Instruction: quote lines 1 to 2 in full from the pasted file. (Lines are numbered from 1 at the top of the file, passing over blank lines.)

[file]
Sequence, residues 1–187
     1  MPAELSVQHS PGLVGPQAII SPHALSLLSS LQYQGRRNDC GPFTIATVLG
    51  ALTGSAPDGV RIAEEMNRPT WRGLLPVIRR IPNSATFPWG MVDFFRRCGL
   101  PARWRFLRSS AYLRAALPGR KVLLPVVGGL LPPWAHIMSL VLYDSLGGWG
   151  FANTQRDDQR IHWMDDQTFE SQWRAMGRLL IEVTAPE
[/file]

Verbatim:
Sequence, residues 1–187
     1  MPAELSVQHS PGLVGPQAII SPHALSLLSS LQYQGRRNDC GPFTIATVLG